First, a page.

[1 ] Tyler, M. C. Literary History of the American Revolution, I, 499.
[1 ] For contemporary patriot comment, see Hazelton, op. cit., Ch. 10.
[1 ]Strictures upon the Declaration of the Congress at Philadelphia: In a Letter to a Noble Lord. London, 1776.
[1 ] For British comment, see Hazelton, op. cit., 232 ff.
[1 ]An Answer to the Declaration of the American Congress. London, 1776. See especially, pp. 117, 119, 120.
[1 ] Silas Deane to John Jay, Dec. 3, 1776; quoted in Hazelton, op. cit., 548.
[1 ]Oeuvres de Condorcet, VIII, II.
[2 ]Des lettres de cachet et des prisons d’état. Ouvrage posthume, composé en 1778. (Hambourg, 1782), I, 284. The “ouvrage posthume” was a mask to conceal the author.
[3 ] “As soon as he took a house in 1783, he placed in it the Declaration of Independence with a vacant place, ‘waiting,’ as he boldly said, ‘the declaration of rights of France.’” Mémoires et correspondance du général LaFayette, III, 197. Cf. Mémoires pour servir à la vie du général LaFayette et à l’bistoire de l’Assemblée constituente, I, 23.
[1 ] The idea of a declaration of rights, rather than the ideas contained in it, may have been taken from America. This idea, however, was found applied, not in the Declaration of Independence, but in the “Bills of Rights” in the American state constitutions. This question has been much discussed since 1895 when Jellinek published his Die Erklärung der Menschen- und Bürgerrecbte. The work has been translated by Professor Max Farrand, The Declaration of the Rights of Man and of Citizens. For an able critique of Jellinek, see the article by Boutmy in Annales des Science Politiques, XVII. For recent literature see Rees, W. Die Erklärung der Menschen- und Bürgerrechte von 1789 (Leipzig, 1912), and works cited by Rees in his bibliography.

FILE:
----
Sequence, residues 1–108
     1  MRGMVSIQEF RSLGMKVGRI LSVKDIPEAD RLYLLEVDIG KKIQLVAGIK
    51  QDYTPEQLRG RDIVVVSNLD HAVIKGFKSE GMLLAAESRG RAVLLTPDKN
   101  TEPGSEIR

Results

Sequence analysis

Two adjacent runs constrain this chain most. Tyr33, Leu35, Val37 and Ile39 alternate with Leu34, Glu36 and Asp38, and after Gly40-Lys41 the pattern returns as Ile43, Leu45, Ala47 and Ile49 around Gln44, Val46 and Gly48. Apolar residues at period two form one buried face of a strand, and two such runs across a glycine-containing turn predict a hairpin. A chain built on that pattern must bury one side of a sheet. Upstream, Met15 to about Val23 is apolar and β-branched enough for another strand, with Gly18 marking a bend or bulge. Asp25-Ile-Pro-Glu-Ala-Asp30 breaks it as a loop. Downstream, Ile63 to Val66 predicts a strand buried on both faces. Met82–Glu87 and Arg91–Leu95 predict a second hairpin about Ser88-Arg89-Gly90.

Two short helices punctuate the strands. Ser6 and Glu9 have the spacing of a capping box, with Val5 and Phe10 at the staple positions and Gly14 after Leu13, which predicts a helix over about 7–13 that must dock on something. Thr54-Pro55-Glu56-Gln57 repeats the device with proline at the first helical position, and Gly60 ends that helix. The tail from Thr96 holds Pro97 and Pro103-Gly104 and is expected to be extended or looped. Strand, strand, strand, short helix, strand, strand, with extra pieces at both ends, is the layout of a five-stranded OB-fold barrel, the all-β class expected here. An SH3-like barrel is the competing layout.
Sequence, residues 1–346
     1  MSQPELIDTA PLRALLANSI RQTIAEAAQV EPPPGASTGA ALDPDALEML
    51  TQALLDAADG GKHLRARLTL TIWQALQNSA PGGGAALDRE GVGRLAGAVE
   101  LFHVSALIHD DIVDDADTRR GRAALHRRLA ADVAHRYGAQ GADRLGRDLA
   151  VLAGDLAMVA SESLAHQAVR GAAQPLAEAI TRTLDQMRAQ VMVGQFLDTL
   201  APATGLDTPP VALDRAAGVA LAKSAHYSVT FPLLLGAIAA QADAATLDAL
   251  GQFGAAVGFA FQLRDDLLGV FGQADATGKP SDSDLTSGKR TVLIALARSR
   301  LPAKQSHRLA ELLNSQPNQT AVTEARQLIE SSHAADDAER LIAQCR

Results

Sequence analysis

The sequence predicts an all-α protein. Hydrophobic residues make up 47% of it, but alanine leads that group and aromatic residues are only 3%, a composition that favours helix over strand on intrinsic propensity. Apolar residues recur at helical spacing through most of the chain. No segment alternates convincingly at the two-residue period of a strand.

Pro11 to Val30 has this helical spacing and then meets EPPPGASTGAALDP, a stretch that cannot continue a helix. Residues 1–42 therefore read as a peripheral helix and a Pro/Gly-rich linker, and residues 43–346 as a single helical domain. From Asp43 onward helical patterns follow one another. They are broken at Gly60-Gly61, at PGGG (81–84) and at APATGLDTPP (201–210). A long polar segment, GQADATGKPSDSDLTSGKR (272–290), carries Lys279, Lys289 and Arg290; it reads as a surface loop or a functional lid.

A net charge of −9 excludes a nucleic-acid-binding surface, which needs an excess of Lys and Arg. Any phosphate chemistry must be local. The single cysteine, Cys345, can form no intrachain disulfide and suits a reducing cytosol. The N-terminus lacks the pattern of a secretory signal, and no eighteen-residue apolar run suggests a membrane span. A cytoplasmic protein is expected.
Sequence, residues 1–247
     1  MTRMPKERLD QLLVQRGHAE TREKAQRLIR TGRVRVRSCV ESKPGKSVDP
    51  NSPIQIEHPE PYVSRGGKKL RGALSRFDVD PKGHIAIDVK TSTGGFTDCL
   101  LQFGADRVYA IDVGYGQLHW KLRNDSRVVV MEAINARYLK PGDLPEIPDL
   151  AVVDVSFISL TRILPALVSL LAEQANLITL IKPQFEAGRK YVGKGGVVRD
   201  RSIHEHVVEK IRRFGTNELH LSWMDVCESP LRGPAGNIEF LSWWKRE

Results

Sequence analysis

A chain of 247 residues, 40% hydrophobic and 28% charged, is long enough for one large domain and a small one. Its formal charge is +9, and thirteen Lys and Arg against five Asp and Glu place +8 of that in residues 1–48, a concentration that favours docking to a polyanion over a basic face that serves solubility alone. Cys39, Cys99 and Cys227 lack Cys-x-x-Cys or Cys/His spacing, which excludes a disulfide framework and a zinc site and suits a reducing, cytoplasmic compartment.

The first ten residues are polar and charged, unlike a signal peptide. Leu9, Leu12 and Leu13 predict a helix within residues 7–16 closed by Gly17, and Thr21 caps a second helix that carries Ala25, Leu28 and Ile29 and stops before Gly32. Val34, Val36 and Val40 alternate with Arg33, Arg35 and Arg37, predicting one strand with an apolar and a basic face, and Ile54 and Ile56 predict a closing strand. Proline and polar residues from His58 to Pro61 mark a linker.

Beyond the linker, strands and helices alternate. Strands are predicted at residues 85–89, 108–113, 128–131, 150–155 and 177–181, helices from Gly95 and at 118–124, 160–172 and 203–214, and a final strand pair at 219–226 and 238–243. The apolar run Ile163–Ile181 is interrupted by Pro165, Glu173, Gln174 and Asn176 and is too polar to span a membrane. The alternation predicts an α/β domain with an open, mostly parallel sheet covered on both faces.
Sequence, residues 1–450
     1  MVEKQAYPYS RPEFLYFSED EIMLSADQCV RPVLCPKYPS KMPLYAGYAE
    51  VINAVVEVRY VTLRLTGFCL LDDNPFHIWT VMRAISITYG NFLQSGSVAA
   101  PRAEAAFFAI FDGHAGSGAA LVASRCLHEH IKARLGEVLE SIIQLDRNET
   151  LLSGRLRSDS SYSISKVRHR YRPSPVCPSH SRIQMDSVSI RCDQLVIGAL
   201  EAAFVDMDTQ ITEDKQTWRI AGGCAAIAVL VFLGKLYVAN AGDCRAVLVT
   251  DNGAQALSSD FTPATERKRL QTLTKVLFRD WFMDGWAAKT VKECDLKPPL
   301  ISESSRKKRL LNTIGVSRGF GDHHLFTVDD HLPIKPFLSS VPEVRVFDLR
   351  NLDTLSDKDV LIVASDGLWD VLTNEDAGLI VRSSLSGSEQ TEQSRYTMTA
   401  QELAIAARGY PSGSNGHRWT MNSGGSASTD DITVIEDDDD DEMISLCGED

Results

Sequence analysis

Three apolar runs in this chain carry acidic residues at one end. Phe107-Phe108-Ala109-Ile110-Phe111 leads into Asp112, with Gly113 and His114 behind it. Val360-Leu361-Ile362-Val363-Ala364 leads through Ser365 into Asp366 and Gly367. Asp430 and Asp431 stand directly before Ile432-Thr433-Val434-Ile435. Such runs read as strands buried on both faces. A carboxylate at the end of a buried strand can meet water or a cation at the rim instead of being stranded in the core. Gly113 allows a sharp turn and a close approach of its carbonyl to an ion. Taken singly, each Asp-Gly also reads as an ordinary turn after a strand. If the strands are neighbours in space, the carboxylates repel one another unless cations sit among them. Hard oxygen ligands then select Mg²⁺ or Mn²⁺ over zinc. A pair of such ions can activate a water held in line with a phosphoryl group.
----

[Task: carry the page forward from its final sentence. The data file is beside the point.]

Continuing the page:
[2 ] See Rosenthal, L. America and France: the Influence of the United States on France in the XVIII Century. 2nd ed. 1882.
[1 ]Oeuvres de Condorcet, VIII, 18.
[1 ]Proceedings and Debates in the Virginia State Convention of 1829–1830 (Richmond, 1830), 53, 54, 56, 120.
[2 ]A Fragment on Government, by Jeremy Bentham. Edited with an Introduction by F. C. Montague. Oxford, 1891.
[1 ] Calderon, F. G. Latin America, 81 ff. Shepherd, W. R. Central and South America, 73, 74. For certain declarations of independence and constitutions, see British State Papers, I. 1104, 1108, 1136; V, 645, 646; VIII, 570; IX, 698; X, 701, 1076, 1107; XIII, 725; XIV, 940; XVI, 1049; XVIII, 1065, 1074, 1119.
[1 ] The above paragraph is based upon an examination of state constitutions prior to 1878 as given in Poore, B. P. The Federal and State Constitutions, ed. 1878. Cf. for Arkansas, 103, 121, 134, 155; Alabama, 32; California, 195; Connecticut, 258; Florida, 317, 332, 347; Illinois, 446, 466, 471; Indiana, 500, 512; Iowa, 537, 552; Kansas, 580, 605, 609, 615, 630; Kentucky, 654, 666, 684; Louisiana, 755; Maine, 787; Maryland, 817, 837, 859, 888; Massachusetts, 957; Michigan, 983, 995; Minnesota, 1029; Mississippi, 1054, 1067, 1081; Missouri, 1114, 1135, 1165; Nebraska, 1203, 1214; Nevada, 1247; New Hampshire, 1280; 1294; New Jersey, 1310, 1314; North Carolina, 1409, 1419, 1436, Ohio, 1461, 1465; Oregon, 1492; Pennsylvania, 1541, 1554, 1564, 1570; Rhode Island, 1603; South Carolina, 1646; Tennessee, 1673, 1677, 1695; Texas, 1762, 1767, 1784, 1801, 1824; Vermont, 1859, 1867, 1875; Virginia, 1908, 1913, 1919, 1939, 1953; West Virginia, 1978, 1994; Wisconsin, 2028.
[2 ] “The right of property is before and higher than any constitutional sanction.” Kansas (Lecompton) constitution of 1857. Ibid., 605.